If you can’t find a specialist in your local area, try contacting national or international specialists. They may be able to refer you to someone they know through conferences or research efforts. Some specialists may be willing to consult with you or your local doctors over the phone or by email if you can't travel to them for care.
You can find more tips in our guide, How to Find a Disease Specialist. We also encourage you to explore the rest of this page to find resources that can help you find specialists.
Related diseases are conditions that have similar signs and symptoms. A health care provider may consider these conditions in the table below when making a diagnosis. Please note that the table may not include all the possible conditions related to this disease.
Conditions with similar signs and symptoms from Orphanet
The differential diagnosis should include Turner syndrome, cardiofaciocutaneous syndrome, Costello syndrome, neurofibromatosis type 1 (NF1) and LEOPARD syndrome (see these terms).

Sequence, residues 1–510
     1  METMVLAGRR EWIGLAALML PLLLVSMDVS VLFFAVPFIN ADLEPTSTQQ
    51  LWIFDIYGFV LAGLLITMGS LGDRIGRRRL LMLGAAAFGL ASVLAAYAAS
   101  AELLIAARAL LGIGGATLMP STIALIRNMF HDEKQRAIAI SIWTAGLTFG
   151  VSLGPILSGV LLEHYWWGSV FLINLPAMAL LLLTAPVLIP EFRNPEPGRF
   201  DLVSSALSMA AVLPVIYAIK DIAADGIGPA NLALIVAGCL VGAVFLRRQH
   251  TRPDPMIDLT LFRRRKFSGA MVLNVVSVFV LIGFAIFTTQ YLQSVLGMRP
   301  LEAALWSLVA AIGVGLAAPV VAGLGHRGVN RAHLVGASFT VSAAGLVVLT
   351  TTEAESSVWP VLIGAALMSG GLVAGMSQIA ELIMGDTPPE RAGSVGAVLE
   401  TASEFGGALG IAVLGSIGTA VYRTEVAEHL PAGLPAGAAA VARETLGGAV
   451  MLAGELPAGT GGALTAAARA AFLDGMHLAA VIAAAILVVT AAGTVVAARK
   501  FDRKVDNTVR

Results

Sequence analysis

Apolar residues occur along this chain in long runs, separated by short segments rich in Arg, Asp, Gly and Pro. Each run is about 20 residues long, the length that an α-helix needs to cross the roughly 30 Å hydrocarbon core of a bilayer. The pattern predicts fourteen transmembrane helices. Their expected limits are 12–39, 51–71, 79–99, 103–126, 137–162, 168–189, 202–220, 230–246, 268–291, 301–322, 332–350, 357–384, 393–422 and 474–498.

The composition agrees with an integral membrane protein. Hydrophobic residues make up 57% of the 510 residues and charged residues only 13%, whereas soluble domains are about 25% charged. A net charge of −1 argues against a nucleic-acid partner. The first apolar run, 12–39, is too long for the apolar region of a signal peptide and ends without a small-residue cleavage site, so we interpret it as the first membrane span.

Visit the Orphanet disease page for more information.
Research helps us better understand diseases and can lead to advances in diagnosis and treatment. This section provides resources to help you learn about medical research and ways to get involved.
Support and advocacy groups can help you connect with other patients and families, and they can provide valuable services. Many develop patient-centered information and are the driving force behind research for better treatments and possible cures. They can direct you to research, resources, and services. Many organizations also have experts who serve as medical advisors or provide lists of doctors/clinics. Visit the group’s website or contact them to learn about the services they offer. Inclusion on this list is not an endorsement by GARD.
Living with a genetic or rare disease can impact the daily lives of patients and families. These resources can help families navigate various aspects of living with a rare disease.
These resources provide more information about this condition or associated symptoms. The in-depth resources contain medical and scientific language that may be hard to understand. You may want to review these resources with a medical professional.